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Tradeweb Government Bond Update – March 2019

| Rates

Capping off a month that saw the total pool of negative-yielding Eurozone government debt increase to EUR 3.3 trillion, Germany’s 10-year bond yield dropped by 25 basis points to end March at -0.07%. This was the first month the Bund entered negative yield territory since October 2016. At its March monetary policy meeting, the European Central Bank left interest rates unchanged and announced a new series of quarterly targeted longer-term refinancing operations (TLTRO-III), starting in September 2019 and ending in March 2021.

Among the Euro area countries, Austria’s 10-year government bond yield saw the biggest decline during the month, falling by nearly 30 basis points to 0.23%. Similarly, the yield on Denmark’s 10-year note finished March 29 basis points lower at 0%, while its Belgian and Finnish counterparts decreased by 27 basis points to close at 0.41% and 0.17%, respectively.

Elsewhere in Europe, the UK 10-year Gilt yield fell by 30.5 basis points to 1%. On March 21, the Bank of England reached a unanimous decision to maintain interest rates at 0.75%. The central bank said that the country’s economic outlook will continue to depend significantly on the nature and timing of Brexit, while a special survey revealed that around 80% of firms across the UK judged themselves to be ready for a no-deal outcome.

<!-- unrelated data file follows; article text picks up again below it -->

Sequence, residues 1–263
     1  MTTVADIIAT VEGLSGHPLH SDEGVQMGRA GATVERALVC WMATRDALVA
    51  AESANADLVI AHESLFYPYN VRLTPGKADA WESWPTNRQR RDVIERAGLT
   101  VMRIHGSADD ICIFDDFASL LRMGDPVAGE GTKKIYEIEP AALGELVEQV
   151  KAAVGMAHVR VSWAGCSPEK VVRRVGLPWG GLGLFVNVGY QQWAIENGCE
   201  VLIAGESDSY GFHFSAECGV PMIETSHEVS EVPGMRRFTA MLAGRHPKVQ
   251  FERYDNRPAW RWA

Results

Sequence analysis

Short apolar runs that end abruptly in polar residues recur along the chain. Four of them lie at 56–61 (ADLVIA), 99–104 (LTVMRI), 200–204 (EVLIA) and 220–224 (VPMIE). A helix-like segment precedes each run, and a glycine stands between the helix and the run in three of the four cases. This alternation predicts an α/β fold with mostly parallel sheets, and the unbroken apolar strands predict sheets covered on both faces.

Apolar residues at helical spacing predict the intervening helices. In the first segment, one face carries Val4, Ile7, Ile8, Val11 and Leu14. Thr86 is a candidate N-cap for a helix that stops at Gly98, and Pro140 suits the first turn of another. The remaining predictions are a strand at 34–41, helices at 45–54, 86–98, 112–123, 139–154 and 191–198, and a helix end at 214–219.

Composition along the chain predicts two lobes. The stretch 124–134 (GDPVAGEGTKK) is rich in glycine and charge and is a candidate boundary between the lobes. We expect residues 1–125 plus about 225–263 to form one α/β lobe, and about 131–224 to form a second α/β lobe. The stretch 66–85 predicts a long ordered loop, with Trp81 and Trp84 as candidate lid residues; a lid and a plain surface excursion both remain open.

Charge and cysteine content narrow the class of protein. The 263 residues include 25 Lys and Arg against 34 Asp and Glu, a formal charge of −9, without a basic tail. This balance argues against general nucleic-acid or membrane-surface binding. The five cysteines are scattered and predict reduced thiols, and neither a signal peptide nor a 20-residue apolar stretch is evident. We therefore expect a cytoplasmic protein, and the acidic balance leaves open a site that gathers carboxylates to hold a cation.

Across the Atlantic, the yield on the U.S. 10-year Treasury fell as low as 2.37% on March 27, but closed the month at 2.41%, a 30 basis points drop from the end of February. The Federal Reserve held the target range for the federal funds rate at 2.25-2.5%, and signalled there would be no hikes at all until the end of 2019. The Bank of Canada also kept interest rates on hold at 1.75%. The country’s 10-year government bond mid-yield declined by 32.5 basis points over the month to reach 1.62% on March 29.

In the Asia Pacific region, the yield on Australia and Japan’s 10-year government bonds dropped by 37 and 7 basis points to end March at 1.78% and -0.10%, respectively. Both countries’ central banks kept rates steady, in order to achieve their inflation targets and support economic growth.


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